The Looming Budget Battle over the Bank Tax

Treasury Secretary Tim Geithner appeared before the Senate Finance Committee today to push the Administration’s proposal for a Financial Crisis Responsibility Fee, more commonly known as the Bank Tax. The purpose of the fee is to

[M]ake sure that the direct costs of TARP are paid for by the major financial institutions, not by the taxpayer. Assessments on these institutions will be determined by the risks they pose to the financial system. These risks, the combination of high levels of riskier assets and less stable sources of funding, were key contributors to the financial crisis.

The fee would be applied over a period of at least ten years, and set at a level to ensure that the costs of TARP do not add to our national debt. One year ago we estimated those costs could exceed half a trillion dollars. However, we have been successful in repairing the financial system at a fraction of those initial estimates. The estimated impact on the deficit varies from $109 billion according to CBO to $117 billion according to the Administration. We anticipate that our fee would raise about $90 billion over 10 years, and believe it should stay in place longer, if necessary, to ensure that the cost of TARP is fully recouped.

As noted by other participants in today’s hearing, the bank tax raises a host of questions: Is it possible to design the tax so that it is ultimately paid by major financial institutions (by which I presume Geithner means their shareholders and top management), or will it get passed through to their customers? How much, if at all, would the tax reduce bank lending? Is it fair to target the banks even though the bank part of TARP actually made money for taxpayers? Would the tax reduce risks in the financial system?

Those are all interesting questions, but today I’d like to highlight another one: Can Congress embrace the idea of a bank tax that would be used to “ensure the costs of TARP do not add to our national debt”?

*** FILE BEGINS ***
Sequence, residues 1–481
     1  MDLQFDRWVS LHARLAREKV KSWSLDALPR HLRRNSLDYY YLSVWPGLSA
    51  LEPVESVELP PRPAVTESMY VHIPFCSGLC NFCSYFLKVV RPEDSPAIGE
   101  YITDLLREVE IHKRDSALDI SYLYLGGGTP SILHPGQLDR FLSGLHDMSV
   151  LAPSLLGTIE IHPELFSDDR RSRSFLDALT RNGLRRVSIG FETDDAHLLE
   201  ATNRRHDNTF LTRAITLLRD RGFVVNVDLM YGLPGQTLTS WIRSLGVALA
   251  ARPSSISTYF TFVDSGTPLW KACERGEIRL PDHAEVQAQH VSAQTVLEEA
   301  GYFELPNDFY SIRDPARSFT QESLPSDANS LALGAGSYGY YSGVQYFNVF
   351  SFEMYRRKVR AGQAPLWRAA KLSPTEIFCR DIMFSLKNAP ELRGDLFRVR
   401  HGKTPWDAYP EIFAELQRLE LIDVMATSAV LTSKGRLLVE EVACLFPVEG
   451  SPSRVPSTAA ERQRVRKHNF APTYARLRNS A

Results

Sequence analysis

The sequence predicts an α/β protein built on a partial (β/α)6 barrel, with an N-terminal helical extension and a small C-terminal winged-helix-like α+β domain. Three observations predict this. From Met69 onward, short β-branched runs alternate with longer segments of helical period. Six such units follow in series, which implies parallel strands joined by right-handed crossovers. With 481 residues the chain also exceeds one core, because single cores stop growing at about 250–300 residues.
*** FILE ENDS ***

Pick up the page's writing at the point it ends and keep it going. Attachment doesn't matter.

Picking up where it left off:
As described by the Administration, the bank tax would be used to reduce the deficit, thus offsetting budget costs of TARP. Congress, however, is hungry for revenues that it can use to offset the budget costs of new legislation, e.g., extending the ever popular research-and-experimentation tax credit or limiting the upcoming increase in dividend taxes. With PAYGO now the law of the land (for many legislative proposals), some members are looking at the $90 billion of potential bank tax revenues as the answer to their PAYGO prayers.

All of which points to a looming budget battle: Will the bank tax be used to pay off the costs of TARP, as the President has proposed, or will it be used to pay for other initiatives?

About Donald Marron 294 Articles

Donald Marron is an economist in the Washington, DC area. He currently speaks, writes, and consults about economic, budget, and financial issues.

From 2002 to early 2009, he served in various senior positions in the White House and Congress including: * Member of the President’s Council of Economic Advisers (CEA) * Acting Director of the Congressional Budget Office (CBO) * Executive Director of Congress’s Joint Economic Committee (JEC)

Before his government service, Donald had a varied career as a professor, consultant, and entrepreneur. In the mid-1990s, he taught economics and finance at the University of Chicago Graduate School of Business. He then spent about a year-and-a-half managing large antitrust cases (e.g., Pepsi vs. Coke) at Charles River Associates in Washington, DC. After that, he took the plunge into the world of new ventures, serving as Chief Financial Officer of a health care software start-up in Austin, TX. After that fascinating experience, he started his career in public service.

Donald received his Ph.D. in Economics from the Massachusetts Institute of Technology and his B.A. in Mathematics a couple miles down the road at Harvard.

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